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    Food distribution and nutrition-specific programmes

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    Crises, natural disasters and conflict often result in food shortages and compromise the nutritional status of the victims, especially during the initial phase of a crisis or when assistance is slow to develop.
    Malnutrition is often the most serious public health problem, and one of the main direct or indirect causes of excess mortality.
    Aside from sufficient caloric intake, micronutrient deficiencies can develop or worsen, if they already exist.
    Supplying large quantities of food is a very complex operation with political implications, and can pose logistical and security problems.
    Food aid can be misappropriated or manipulated by certain groups or people, and used to control populations or individuals.
    The priority is therefore to tailor operations to the context. Each crisis is unique, and requires its own particular response.

    A) Provide adequate food rations
    A general distribution is organised when there is a food shortage that is causing, or might cause, increased acute malnutrition and excess mortality.
    MSF may conduct a general food distribution in an emergency, when there are no food operators present, though it is not really its area.
    A food ration is estimated to be 2100 kilocalories per person per day.

    It may consist of flour, oil and beans, or BP-5™-type emergency rations.

    Providing vitamin and mineral supplements as well helps remedy or prevent micronutrient deficiencies that can lead to conditions like scurvy, beriberi and pellagra.
    The distribution is done for each family, via the head of the family. The rations distributed are sometimes full rations and sometimes partial rations, depending on the estimated needs and logistical, financial, and political constraints.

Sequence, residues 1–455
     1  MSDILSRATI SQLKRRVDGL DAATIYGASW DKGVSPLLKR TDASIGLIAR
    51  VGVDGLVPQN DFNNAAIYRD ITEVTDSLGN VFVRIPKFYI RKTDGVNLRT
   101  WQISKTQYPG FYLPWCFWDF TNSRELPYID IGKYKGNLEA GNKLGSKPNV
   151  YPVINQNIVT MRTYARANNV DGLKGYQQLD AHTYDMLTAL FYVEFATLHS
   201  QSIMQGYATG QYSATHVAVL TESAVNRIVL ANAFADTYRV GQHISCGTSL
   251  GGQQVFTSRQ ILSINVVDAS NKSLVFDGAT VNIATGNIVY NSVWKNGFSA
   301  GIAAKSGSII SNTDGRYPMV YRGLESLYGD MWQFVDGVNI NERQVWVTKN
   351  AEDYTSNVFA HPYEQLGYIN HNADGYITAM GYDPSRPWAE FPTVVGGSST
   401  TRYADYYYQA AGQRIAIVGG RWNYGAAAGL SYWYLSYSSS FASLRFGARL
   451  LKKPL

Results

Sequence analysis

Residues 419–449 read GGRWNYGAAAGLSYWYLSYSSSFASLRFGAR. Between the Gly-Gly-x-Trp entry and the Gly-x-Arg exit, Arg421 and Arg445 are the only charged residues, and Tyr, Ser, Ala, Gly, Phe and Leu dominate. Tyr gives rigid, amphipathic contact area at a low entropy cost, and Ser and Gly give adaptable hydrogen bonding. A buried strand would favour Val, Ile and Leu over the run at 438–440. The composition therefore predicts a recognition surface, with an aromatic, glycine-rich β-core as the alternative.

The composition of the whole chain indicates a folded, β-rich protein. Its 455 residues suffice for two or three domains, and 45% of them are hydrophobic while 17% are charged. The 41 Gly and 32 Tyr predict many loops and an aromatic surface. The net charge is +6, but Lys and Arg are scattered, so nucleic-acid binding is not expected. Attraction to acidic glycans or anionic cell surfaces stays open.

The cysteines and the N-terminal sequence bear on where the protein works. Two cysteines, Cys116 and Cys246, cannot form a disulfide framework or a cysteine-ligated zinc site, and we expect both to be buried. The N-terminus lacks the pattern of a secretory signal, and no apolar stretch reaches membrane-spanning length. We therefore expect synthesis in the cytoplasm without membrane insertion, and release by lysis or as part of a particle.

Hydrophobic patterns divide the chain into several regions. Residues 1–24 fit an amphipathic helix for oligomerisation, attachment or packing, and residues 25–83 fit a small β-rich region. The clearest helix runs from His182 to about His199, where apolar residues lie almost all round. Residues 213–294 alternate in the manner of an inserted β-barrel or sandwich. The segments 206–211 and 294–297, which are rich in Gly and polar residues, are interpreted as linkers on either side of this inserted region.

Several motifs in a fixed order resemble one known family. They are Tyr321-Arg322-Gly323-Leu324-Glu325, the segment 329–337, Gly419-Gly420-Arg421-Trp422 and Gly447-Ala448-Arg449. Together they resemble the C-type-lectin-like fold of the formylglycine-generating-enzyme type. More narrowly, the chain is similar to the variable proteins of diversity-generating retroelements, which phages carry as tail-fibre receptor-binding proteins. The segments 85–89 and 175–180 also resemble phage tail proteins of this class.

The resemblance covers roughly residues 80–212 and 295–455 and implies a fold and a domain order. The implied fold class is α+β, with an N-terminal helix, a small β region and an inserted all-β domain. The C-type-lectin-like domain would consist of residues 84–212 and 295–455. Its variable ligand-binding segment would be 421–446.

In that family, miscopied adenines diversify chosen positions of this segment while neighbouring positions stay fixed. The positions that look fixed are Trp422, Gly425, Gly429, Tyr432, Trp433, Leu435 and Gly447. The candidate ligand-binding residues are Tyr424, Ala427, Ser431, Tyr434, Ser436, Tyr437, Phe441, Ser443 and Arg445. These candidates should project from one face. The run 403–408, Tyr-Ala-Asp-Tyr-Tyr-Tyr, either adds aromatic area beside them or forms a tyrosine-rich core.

B) Prevent malnutrition in vulnerable groups
    Distributions of enriched flour or specialised products are intended for groups identified as vulnerable, such as young children and women who are pregnant or breastfeeding.
    By covering specific needs, these help prevent a deterioration in nutritional status.
    A specialised early childhood product may be distributed to each child, regardless of nutritional status; it meets his vitamin and mineral requirements and a small portion of his energy and protein requirements.

    C) Treat acute malnutrition
    The number of children with acute malnutrition can be estimated using the nutrition survey carried out during the initial assessment. In emergencies, these children are identified by measuring the mid-upper arm circumference and checking for oedema. The weight-for-height measurement can be added later.
    Severely malnourished children are treated in therapeutic feeding centres, either as inpatients where intensive care is also available ,

    or as outpatients.


    Medical and nutritional rehabilitation protocols are used; these contain the different phases and products, such as therapeutic milk and ready-to-use therapeutic foods.

    D) Evaluate the nutritional situation
    MSF evaluates its therapeutic feeding programme by analysing the collected data each week: how many children are present, the number of defaults and deaths, and the weight gain.
    Using community health workers, who are each responsible for one section of the site or camp, improves the detection of malnutrition cases, as well as defaulters, and deaths.

    During general food distributions, the quantity and quality of the rations distributed must be evaluated. This is called Food Basket Monitoring.

    In agreement with the distributing agency, surveys are carried out as people exit the food distribution site.
    Using a 30- to 35-family sample, these surveys are used to monitor whether the amounts received are appropriate and equitable between families.
    The basic ration should be at least 2100 kilocalories per person per day, with 20% from fats and 10% from protein.

    Information on the population’s dependence on food aid is obtained by talking with the traditional authorities and the displaced people themselves, and from frequent visits to the site or camp.

    Conclusion
    An appropriate general food distribution is essential in preventing excess mortality in crisis situations. Specialised therapeutic products allow rapid, effective nutritional rehabilitation of severely malnourished children.